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Last night saw the opening of the IZWE de Africa exhibition featuring the works of South African photographers in a prestigious venue in Buenos Aires, Argentina. A collaboration between Africa Media Online and Proyecto 34°S, this six-week exhibition provides a mix of emerging and established photographers with the chance to share their views on Contemporary African Culture.

Proyecto 34°S is an artistic exchange between Buenos Aires, Argentina, and Cape Town, South Africa. Its primary objective is to promote and facilitate the exchange of African and Latin American performing arts, culture, heritage and literature. Curated by Nadia Strier, the Izwe de Africa exhibition features as part of the South African Embassy’s heritage showcase at the Centro Cultural Borges, as well as online at Africa Media Online, where buyers will be able to select and purchase art prints.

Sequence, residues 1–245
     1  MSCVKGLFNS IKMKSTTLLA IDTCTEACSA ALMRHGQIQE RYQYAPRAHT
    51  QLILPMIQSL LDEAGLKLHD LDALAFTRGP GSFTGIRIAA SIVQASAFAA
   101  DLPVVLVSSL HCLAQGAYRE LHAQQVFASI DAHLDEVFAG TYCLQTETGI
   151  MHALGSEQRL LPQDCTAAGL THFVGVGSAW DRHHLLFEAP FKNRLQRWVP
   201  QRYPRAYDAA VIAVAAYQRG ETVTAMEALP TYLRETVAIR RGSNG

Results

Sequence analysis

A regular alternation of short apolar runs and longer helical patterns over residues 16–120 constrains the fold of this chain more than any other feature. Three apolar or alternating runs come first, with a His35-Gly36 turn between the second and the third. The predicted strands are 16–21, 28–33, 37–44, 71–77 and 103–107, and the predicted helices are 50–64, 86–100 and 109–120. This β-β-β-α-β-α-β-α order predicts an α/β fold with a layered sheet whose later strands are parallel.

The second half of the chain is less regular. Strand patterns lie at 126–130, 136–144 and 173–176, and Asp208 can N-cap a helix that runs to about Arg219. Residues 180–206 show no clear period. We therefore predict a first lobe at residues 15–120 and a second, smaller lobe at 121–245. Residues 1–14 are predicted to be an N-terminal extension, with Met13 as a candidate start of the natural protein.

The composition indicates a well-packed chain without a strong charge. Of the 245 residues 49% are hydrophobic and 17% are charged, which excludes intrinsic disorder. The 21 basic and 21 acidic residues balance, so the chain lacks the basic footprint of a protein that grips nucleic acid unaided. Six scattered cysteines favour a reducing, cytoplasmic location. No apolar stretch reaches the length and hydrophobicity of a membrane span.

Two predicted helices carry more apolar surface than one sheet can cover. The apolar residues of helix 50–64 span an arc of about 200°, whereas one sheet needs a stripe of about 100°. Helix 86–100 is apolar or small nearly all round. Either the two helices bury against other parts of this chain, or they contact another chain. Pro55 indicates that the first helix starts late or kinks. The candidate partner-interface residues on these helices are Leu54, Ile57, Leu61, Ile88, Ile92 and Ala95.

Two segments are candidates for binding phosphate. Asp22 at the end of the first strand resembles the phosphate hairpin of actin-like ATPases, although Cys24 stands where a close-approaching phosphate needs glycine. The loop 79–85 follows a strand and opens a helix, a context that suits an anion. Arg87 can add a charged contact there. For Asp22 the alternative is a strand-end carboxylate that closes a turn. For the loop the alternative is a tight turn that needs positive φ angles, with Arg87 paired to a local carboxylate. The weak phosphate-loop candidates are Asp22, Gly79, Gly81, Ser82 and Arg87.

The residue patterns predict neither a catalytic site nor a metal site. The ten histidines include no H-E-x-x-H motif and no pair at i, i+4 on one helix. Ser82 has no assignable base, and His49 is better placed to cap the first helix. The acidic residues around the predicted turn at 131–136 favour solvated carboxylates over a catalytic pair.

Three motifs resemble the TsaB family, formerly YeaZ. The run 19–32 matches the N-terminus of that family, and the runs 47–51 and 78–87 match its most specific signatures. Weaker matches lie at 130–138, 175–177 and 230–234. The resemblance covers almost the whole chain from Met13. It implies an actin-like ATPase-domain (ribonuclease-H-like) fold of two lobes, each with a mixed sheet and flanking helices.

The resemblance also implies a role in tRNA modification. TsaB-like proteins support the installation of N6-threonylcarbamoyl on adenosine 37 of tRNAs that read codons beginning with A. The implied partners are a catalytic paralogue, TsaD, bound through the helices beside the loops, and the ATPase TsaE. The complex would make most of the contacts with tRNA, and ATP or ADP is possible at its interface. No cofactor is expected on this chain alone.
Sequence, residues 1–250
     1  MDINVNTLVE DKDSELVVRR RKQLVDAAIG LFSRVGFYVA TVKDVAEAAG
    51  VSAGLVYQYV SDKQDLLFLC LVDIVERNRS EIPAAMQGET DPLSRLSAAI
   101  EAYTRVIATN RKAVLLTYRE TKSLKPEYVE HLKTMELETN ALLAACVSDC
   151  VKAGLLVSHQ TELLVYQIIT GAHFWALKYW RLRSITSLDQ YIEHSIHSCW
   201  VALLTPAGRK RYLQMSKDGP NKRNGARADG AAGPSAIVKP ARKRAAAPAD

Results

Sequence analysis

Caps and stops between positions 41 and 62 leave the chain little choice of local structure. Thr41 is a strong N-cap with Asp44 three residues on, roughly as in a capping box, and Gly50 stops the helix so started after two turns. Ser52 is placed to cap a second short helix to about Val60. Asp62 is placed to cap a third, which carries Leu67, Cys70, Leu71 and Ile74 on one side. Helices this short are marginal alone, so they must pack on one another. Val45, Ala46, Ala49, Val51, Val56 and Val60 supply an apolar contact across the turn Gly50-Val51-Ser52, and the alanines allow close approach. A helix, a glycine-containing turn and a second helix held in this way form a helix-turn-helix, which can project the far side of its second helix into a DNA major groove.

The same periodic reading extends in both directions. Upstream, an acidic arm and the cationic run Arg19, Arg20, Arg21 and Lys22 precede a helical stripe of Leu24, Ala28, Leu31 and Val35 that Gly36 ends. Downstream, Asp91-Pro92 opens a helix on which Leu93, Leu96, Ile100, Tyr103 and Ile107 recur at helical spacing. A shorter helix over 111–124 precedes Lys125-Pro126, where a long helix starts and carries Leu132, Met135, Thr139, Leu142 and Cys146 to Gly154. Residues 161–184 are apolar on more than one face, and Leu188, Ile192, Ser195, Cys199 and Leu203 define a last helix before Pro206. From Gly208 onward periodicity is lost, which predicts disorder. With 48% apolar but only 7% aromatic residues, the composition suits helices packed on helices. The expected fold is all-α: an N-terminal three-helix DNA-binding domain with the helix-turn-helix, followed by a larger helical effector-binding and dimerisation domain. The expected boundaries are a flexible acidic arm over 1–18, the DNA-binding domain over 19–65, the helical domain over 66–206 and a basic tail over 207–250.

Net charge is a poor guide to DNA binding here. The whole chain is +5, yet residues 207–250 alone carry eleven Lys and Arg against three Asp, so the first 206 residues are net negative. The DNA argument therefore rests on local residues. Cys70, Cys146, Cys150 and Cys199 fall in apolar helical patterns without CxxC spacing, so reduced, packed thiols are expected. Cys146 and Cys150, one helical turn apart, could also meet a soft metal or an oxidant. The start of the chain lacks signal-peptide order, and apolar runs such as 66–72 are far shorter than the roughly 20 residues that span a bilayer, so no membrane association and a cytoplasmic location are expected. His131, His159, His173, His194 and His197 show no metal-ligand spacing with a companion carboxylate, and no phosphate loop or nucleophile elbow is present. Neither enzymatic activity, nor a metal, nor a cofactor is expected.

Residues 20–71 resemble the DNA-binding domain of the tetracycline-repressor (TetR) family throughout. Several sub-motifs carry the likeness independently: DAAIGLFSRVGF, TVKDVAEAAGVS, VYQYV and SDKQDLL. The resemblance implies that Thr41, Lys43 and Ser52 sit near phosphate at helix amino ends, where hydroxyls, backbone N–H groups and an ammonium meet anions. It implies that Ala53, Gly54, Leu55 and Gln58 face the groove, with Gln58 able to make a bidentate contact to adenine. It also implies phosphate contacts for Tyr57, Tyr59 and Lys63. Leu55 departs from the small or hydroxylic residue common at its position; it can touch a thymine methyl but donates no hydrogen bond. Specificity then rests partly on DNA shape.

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Above: Jeremy Jowell’s image of Seychellois fishermen is one of 23 photographs by Africa Media Online photographers featuring in a prestigious exhibition in Argentina which also serves to launch our new print-on-demand service

Each of the photographers was asked to describe how their photographs reflect their views on the theme. Tammy Gardner, whose image is of a young man striding with his briefcase before the crumbling façade of The Empire building in Muizenberg, on the False Bay coastline, sums up the overall tone of the exhibition in her commentary: